< Speech Given by Oscar Wilde on Worthing Pier on 13 Sept 1894.
Oscar Wilde sitting in a formal pose. Boating around Worthing Pier.

Speech Given by Oscar Wilde on Worthing Pier on 13 September 1894

On 13 September 1894 a so-called Venetian Fete was held in Worthing. Afterwards a concert was held in the pavilion at the sea-end of the pier, following which Oscar Wilde gave away the prizes for the best decorated boats and delivered a short speech.

The report in the Worthing Gazette of 19 September uses indirect speech. This reconstruction into direct speech was prepared for the visit to Worthing of members of the Oscar Wilde Society on 12 August 2012, when Antony Edmonds spoke Wilde’s words for the first time for nearly 120 years within a few yards of where they were first delivered.

I congratulate Worthing on the extremely beautiful scene of this evening.

Worthing has already arranged some extremely pretty shows. I have been much struck at the Regatta, at the Lifeboat Demonstration, and other festivals with the beauty and grace of everything I have seen.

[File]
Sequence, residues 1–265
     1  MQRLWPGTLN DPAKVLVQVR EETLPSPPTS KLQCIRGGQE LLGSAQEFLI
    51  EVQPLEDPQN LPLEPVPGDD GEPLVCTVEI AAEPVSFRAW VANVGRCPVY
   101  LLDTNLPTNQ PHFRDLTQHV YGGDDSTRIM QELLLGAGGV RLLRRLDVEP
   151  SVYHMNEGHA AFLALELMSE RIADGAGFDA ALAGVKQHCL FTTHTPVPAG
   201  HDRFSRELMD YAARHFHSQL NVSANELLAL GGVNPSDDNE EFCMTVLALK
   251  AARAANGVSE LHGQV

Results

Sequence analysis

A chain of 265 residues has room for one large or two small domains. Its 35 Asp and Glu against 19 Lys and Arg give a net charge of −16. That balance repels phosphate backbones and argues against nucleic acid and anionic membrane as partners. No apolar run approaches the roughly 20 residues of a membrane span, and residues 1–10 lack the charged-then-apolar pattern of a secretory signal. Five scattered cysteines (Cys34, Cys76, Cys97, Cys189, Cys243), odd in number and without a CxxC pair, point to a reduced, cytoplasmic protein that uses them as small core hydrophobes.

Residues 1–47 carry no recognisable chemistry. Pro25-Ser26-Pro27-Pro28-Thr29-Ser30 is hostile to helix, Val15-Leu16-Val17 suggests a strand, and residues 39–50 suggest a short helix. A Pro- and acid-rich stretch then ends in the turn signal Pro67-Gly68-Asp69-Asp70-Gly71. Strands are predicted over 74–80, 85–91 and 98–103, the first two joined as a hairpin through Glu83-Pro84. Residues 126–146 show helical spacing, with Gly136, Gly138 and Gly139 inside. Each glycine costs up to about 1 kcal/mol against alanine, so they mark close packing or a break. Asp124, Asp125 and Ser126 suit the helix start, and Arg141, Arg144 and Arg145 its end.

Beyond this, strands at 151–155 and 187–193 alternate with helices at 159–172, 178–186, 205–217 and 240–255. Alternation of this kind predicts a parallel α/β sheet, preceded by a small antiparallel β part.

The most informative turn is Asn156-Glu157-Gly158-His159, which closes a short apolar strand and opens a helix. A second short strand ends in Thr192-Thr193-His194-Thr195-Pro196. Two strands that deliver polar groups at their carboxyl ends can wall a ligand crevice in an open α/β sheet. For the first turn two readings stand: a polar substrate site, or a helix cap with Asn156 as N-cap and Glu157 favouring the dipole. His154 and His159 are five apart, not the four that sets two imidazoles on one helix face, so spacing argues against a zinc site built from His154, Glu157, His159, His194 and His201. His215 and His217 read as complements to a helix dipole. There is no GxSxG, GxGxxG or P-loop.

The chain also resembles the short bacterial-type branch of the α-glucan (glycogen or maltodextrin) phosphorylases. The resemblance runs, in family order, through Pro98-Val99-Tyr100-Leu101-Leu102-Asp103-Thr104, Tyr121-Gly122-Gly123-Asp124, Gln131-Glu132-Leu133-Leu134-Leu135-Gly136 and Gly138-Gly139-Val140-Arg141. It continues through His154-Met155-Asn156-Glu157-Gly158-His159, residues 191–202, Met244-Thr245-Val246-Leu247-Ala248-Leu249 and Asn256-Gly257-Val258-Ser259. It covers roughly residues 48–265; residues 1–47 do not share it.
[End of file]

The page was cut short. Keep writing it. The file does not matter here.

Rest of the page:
There was, however, there was one thing that marred the Regatta. There was a sailing boat, not belonging to Worthing, but coming from some wicked, tasteless spot [probably the rival resort of Brighton], bearing a huge advertisement of a patent pill. I hope that boat will never be allowed to enter Worthing again. (Much laughter.)

I cannot help feeling the change that has taken place this year in the town, and expressing the great pleasure it gives visitors to return. I consider that such a charming town will become one of the first watering places on the South Coast. It has beautiful surroundings and lovely long walks – which I recommend to other people, but do not take myself. (Laughter.)

Above all things I am delighted to observe in Worthing one of the most important things, having regard to the fashion of the age – the faculty of offering pleasure. To my mind few things are as important as a capacity for being amused, feeling pleasure, and giving it to others. I hold that whenever a person is happy he is good – although, perhaps, when he is good he is not always happy. (Laughter.) There is no excuse for anyone not being happy in such surroundings.

This is my first visit, but it will certainly not be my last. (Applause.)

Oscar Wilde. Boats under Worthing Pier.